The Thyroid Part 1 – The Basics

There is often a paradox in conventional medicine’s dealing with thyroid disease. What I see from my perspective as a Naturopathic Doctor is that thyroid conditions are largely under-diagnosed and over-medicated.

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It is my goal over the next series of blogs to help you understand how this is by educating you on all things thyroid-related. This includes the very basics of thyroid anatomy and physiology to create a foundational understanding, the details of testing and evaluating thyroid conditions (and why standards-of-care here are inadequate), the highlights of the main categories of thyroid disease (Hashimoto’s, Grave’s, and primary hypothyroidism) and, finally, a functional naturopathic approach to addressing these conditions.

Sometimes it feels like thyroid issues are the core of my practice. Nearly every day I see a patient with Hashimoto’s, Grave’s, or hypothyroidism. This isn’t all that surprising because the American Thyroid Association (ATA) estimates that nearly 20 million Americans have a thyroid condition – and this even is with the inadequate screening labs most practitioners use to evaluate thyroid function. There are many more individuals suffering from thyroid-related conditions that go undiagnosed and, therefore, untreated.  

What is the thyroid gland? Where is it? Can I feel it?  

The thyroid gland is a part of your endocrine system, so it makes and responds to a variety of hormones. It is shaped a bit like a butterfly, is located in your neck, and can weigh anywhere between 20 and 60 grams (which is about the weight of 4 to 12 US nickel coins). You can find it by holding your head in a neutral position and running your finger down the front of your neck. Just before the midway point, you will feel a prominent band of cartilage. The central portion of your thyroid is a thin piece of tissue just below this. If you hold your trachea (the tube you are feeling) with your thumb and pointer finger, you will essentially be feeling your thyroid. You don’t feel anything? Good! A normal thyroid gland shouldn’t be easy to feel by the inexperienced.  

What are thyroid hormones, and what do they do?  

Your thyroid gland produces two types of thyroid hormones: triiodothyronine (T3) and thyroxine (T4). T3 and T4 are utilized by every tissue in your body and can therefore impact the function of essentially every organ because they regulate the metabolism of your cells. Looking at the range of symptoms a person can experience if thyroid function is too high or too low helps us appreciate how important thyroid hormones are to the functioning of all of our cells.

Both T3 and T4 are made of the amino acid tyrosine and the mineral iodine. T3 has three molecules of iodine and T4 has four molecules of iodine. T3 is much more biologically active than T4, meaning that your cells are able to use T3 much more easily than T4. The thyroid gland produces lots of T4 and just a little T3. T4 gets converted to T3 by tissues throughout the body, and by the liver in particular.   

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What are some symptoms of thyroid dysfunction?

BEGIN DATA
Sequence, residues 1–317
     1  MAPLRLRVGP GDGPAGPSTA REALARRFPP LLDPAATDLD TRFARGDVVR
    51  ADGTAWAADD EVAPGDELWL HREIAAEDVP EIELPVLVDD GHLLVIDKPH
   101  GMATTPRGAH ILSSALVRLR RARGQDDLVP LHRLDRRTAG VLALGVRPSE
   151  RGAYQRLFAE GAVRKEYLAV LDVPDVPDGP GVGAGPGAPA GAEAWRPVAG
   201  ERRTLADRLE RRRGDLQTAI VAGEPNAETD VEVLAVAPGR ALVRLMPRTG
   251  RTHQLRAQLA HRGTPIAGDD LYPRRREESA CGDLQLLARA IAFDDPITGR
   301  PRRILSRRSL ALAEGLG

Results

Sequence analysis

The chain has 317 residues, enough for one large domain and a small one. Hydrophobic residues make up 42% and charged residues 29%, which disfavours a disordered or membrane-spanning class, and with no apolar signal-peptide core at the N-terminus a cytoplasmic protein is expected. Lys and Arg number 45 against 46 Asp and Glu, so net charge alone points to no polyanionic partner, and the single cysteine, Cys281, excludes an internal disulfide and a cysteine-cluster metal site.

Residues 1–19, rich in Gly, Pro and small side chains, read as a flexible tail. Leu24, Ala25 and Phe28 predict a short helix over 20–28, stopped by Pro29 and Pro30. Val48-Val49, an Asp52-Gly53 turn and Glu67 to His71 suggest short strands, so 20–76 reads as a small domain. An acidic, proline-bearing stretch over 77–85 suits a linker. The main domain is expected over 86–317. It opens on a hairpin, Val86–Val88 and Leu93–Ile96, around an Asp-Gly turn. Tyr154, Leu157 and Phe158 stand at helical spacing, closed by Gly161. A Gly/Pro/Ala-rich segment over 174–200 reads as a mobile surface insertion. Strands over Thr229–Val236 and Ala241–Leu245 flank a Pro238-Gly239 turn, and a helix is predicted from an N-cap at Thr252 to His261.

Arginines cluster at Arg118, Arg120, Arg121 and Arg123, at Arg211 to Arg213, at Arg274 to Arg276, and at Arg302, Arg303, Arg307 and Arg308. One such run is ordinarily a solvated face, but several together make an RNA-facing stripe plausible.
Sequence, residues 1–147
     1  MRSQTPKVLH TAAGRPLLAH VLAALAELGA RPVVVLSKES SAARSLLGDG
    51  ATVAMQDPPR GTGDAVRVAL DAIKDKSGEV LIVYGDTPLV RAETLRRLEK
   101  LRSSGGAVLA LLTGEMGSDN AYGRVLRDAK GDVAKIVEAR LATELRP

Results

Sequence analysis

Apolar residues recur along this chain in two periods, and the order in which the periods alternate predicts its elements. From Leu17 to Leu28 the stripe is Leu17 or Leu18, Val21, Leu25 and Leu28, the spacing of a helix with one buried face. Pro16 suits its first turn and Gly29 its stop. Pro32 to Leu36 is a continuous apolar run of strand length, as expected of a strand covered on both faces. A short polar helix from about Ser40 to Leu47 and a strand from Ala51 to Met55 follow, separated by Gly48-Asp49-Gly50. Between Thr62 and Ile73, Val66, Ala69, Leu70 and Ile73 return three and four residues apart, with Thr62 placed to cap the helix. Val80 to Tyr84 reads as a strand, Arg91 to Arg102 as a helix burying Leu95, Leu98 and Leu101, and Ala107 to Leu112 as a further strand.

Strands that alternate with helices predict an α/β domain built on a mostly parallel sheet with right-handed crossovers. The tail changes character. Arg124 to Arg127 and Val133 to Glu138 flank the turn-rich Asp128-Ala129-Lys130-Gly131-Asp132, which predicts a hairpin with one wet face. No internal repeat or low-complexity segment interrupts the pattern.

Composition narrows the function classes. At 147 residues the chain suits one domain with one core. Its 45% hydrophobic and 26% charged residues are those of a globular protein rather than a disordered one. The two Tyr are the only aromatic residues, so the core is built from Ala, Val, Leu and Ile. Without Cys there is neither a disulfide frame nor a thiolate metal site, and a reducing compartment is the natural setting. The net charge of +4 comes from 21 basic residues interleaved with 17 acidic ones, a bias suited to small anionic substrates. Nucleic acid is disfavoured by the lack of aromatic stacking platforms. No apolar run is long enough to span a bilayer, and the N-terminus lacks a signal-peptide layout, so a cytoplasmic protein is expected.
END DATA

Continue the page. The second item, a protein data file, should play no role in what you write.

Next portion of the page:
First, it is important to know that your thyroid can be out of balance by under-functioning and producing too little T3 and T4 (this is called hypothyroidism) or by over-functioning and producing too much T3 and T4 (this is called hyperthyroidism). There are autoimmune versions of both called Hashimoto’s and Grave’s Disease, respectively. Hashi’s and Grave’s have hypo and hyper symptoms respectively. These two lists of common symptoms come from the Office on Women’s Health.

Common Signs of Hypothyroidism:

  • Changes in menstrual cycle
  • Constipation
  • Fatigue
  • Dry hair, hair loss
  • Dry skin
  • Weight gain or difficulty losing weight
  • Cold intolerance
  • Carpal tunnel syndrome
  • Slow heart rate
  • Swelling of the thyroid gland
  • Muscle pain/weakness
  • Joint pain
  • Hoarse voice
  • Puffy face
  • Brain fog
  • Feeling sad or depressed
  • Unexpected high cholesterol levels

Common Signs of Hyperthyroidism:

  • Weight loss, often with a markedly increased appetite
  • Increased sweating
  • Anxiety
  • Rapid or irregular heart rate
  • Being able to feel your heart pounding in your chest
  • Insomnia
  • Anxiety, nervousness, irritability
  • Trembling hands
  • Diarrhea
  • Increase in bowel movements
  • Menstrual cycles become fewer and/or lighter
  • Eyes may start to bulge or show redness or irritation

Because thyroid hormones are used by every cell in your body, symptoms can be experienced virtually anywhere in the body. The symptoms listed above are just the most common. If you can check off several in one of the lists, even if your thyroid has tested “normal,” you may have an imbalanced thyroid.  

Why might your thyroid lab look “normal” but you have some of these symptoms?  

If you’ve had a thyroid lab done by doctors practicing conventional medicine, it’s most likely that they tested only for thyroid-stimulating hormone (TSH).  As discussed above, the results of T3 and T4 are necessary to give us a complete picture of thyroid health. In The Thyroid Part 2 – Five Reasons Why Testing Only TSH Isn’t Enough, I discuss why so many people have uncomfortable symptoms related to their thyroid and why I believe it’s under-diagnosed. In The Thyroid Part 3 – Do I Have to Stay on Thyroid Medication for My Whole Life? we’ll find out why so many doctors over-medicate thyroid issues instead of addressing the underlying problem.

Check out the rest of this blog series…

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